If the June 6 New York Times front page article “Turkey Goes from Pliable Ally to Thorn for US” is an indication of the newspaper’s understanding of Turkey and the US-Turkish relationship, its readers are in for trouble.
At the very least, reporters – Sabrina Tavernise and Michael Slackman filing from Ankara – should have spent more time with a book or two on Turkish history or maybe one on US-Turkish relations. I’m surprised that the people they interviewed – including former New York Times Istanbul correspondent Steven Kinzer – didn’t set them straight. Or perhaps the right questions were not asked. Here's the problem: not only is the headline wrong but the premise of the story needs reexamination. Fortunately Tabernise corrected the record somewhat in her Sunday news analysis which described Turkish-Iranian relations far more accurately but she still failed to address the inaccuracy of the less "pliable Turkey" label which was, after all, the thrust of her earlier report.
Pliable US ally?
To describe Turkey during the Cold War – and prior to the election of AKP (the mildly Islamist party that has won elections since 2002) as a pliable US ally is incorrect. It never was.
Turkey has a long tradition of looking out for its own national interests. When those interests coincided with American ones – as they did during much of the Cold War – then well and good. Turkey was a staunch ally against the Soviets. Covetous Soviet eyes on Turkish territory cemented that relationship.
When those interests did not – like the Turkish invasion of Cyprus in 1974 in response to a Greek junta-inspired coup which upset the shakily agreed upon order and resulted in a temporary arms embargo against Turkey instituted by the US Congress in the aftermath – then Turkey went its own way and there wasn’t much the US 6th Fleet did or, in reality, could do to stop it. Just look at the map: northern Cyprus is very close to the Turkish mainland; Athens is very far away.
Defenders of Turkish interests
As far as I can recall, however, no US government forced - or even persuaded - Turkey to agree to anything it didn’t want to agree to. Pliable? Don’t think so. The Turkish General Staff and the professional diplomats in the Turkish Foreign Ministry defended Turkish interests tenaciously. The Turkish parliament also played an important, and at times crucial, role.
True, during the Cold War, the airbases and US listening posts in the country helped protect Turkey from a hostile neighbor to the north. Turkey’s agreement to build US fighter jets in country coincided with Turkish needs for more advanced military hardware to strengthen its air force plus some cash, jobs, and infrastructural development on the side. Much later, when the US refused to sell drones to the Turks, they bought them from the Israelis as a part of a relationship that had begun with US encouragement during the 1980s.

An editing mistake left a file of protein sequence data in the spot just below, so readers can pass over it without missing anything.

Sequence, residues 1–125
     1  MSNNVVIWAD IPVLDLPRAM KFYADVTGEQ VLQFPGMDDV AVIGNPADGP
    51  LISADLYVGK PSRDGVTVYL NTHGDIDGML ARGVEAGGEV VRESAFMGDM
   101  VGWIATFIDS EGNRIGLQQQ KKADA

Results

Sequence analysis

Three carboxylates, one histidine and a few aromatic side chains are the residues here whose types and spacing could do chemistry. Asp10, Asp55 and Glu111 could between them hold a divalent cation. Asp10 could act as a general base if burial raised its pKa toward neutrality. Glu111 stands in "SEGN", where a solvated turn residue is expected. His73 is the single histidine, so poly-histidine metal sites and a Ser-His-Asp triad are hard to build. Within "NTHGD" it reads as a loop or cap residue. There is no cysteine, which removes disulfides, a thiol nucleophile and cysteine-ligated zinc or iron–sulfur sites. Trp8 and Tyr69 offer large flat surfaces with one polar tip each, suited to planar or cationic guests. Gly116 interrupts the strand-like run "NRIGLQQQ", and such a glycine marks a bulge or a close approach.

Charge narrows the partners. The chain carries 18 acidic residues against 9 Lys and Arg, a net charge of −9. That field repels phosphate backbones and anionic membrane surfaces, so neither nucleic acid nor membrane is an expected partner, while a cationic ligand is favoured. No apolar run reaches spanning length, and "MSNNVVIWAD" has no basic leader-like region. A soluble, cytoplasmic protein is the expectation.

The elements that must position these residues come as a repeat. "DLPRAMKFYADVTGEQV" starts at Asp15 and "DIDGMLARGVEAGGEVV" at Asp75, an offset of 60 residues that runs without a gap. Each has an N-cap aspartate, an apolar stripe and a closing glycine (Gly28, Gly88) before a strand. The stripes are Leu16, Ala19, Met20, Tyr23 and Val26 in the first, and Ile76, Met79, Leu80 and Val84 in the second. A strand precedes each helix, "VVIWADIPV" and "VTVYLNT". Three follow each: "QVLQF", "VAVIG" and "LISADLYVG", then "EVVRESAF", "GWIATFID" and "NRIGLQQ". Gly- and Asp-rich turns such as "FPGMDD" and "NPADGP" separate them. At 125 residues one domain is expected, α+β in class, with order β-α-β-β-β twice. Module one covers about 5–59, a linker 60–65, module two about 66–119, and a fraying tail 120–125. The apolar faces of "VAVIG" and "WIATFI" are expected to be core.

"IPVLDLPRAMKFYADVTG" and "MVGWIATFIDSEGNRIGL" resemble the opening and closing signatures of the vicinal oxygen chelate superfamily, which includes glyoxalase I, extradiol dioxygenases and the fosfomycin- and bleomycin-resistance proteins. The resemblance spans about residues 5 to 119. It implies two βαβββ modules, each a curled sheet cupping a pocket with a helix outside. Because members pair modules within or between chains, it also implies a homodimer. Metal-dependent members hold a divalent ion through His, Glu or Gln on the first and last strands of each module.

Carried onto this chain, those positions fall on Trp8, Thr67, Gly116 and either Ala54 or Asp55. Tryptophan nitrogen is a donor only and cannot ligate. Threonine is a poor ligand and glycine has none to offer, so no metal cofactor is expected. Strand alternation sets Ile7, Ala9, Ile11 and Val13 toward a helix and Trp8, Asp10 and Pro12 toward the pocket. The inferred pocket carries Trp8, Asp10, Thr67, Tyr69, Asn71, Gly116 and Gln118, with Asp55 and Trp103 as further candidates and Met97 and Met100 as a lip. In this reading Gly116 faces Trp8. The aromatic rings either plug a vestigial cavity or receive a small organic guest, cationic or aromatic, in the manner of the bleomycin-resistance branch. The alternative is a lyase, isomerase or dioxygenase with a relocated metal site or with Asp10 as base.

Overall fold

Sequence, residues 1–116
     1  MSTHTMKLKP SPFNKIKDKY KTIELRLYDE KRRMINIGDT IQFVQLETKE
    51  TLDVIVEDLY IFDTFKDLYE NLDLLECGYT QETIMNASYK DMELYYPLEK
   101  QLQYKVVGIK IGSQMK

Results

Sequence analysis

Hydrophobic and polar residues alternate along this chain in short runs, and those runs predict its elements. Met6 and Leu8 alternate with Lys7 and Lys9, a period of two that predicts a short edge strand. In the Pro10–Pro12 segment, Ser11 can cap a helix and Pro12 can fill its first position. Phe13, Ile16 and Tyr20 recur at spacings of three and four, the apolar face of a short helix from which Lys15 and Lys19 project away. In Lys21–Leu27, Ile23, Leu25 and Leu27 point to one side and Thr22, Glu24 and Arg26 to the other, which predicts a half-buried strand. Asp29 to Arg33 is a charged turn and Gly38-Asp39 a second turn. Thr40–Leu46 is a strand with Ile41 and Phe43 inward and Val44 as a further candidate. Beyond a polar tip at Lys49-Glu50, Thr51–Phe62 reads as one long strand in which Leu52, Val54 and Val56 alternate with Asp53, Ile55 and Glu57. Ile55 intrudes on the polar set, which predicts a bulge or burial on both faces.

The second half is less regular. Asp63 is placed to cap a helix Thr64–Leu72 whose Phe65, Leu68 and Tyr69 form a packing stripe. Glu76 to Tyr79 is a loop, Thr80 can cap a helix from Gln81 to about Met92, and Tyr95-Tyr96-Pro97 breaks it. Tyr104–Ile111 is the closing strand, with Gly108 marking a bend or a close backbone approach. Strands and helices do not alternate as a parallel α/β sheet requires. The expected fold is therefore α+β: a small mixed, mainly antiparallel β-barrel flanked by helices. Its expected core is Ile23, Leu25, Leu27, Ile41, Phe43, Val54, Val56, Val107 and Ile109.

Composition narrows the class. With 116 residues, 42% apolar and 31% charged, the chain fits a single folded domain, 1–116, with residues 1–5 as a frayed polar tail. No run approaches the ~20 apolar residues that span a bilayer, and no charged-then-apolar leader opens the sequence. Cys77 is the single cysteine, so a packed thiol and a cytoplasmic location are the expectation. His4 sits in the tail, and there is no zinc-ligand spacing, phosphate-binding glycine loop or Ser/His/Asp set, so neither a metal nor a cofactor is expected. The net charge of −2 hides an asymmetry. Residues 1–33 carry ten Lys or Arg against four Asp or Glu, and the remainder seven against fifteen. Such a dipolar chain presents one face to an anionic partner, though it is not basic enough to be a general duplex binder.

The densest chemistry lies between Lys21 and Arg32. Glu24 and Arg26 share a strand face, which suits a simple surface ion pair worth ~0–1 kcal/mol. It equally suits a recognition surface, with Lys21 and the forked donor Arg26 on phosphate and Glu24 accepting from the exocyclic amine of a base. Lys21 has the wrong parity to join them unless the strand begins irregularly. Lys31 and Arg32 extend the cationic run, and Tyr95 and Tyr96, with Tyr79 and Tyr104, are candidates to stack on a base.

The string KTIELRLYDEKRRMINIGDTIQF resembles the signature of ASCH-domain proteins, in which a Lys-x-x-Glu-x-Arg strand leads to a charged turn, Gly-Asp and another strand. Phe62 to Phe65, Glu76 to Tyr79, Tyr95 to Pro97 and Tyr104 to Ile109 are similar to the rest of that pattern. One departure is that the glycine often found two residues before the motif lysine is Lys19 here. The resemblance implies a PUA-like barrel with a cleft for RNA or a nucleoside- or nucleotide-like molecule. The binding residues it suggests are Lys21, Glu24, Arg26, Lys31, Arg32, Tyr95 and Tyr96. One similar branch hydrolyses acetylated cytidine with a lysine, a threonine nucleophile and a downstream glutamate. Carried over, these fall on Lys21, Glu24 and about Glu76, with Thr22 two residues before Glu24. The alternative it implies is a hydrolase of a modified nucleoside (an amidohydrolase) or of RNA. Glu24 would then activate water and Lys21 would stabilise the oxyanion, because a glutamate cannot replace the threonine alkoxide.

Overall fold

A little Gulf War I history
Since so much history seems to have been forgotten in a single headline, however, it’s hard to know where to begin. Nevertheless, this is simply a post not an academic treatise, so I think I will concentrate on a little under-reported or misrepresented - but still relevant - Gulf War I history.
Here’s the problem: too many Americans seem to think in retrospect that the then Turkish government under President Turgut Özal went along pliantly with all President George H. W. Bush asked. This did not happen. The Turks agreed to what they saw to be in their national interest and did not agree to what, from their perspective, could cause them unnecessary neighborhood problems.
As Turkish expert William Hale points out in his 2007 book Turkey, the US and Iraq, that while Özal might have liked to agree to all three of the Bush administration’s requests in the run up to the Iraq invasion in 1991, Turkey did not.
The Turkish parliament (Turkey is a parliamentary not presidential democracy and parliament has a say in important foreign affairs matters) ultimately agreed to two of the three American demands (an increase of Turkish troops near the Iraq border and use of Incirlik and other bases as staging areas for coalition forces) but the request that Turkey send its own forces to participate in the invasion was denied. Not only did parliament object but so did the Turkish military, the Foreign Service chiefs and even members of Özal’s own cabinet.
One Constant Among the Shifting Sands
In fact, that Turkish decision had historical roots that date back to 1926 when the border between Iraq and Turkey was finally and painfully established and a war-weary Turkey gave up its claims to Mosul. For Turkey to have reopened the issue in 1991 by participating in an invasion of Iraq especially one that could have placed it in an occupying position in Iraqi Kurdistan would have broken with its traditional Middle East policies, its agreed upon treaty-based relationships with its neighbors as well as been an enormous strategic and economic mistake.
Yes, times have changed and Middle East sands are shifting. Nevertheless, Turkey is one of those countries with a proud history that continues to live in a difficult neighborhood. It is a survivor and in recent years has done quite well for itself. As such it will, inevitably, look out for its own interests. Always has: always will.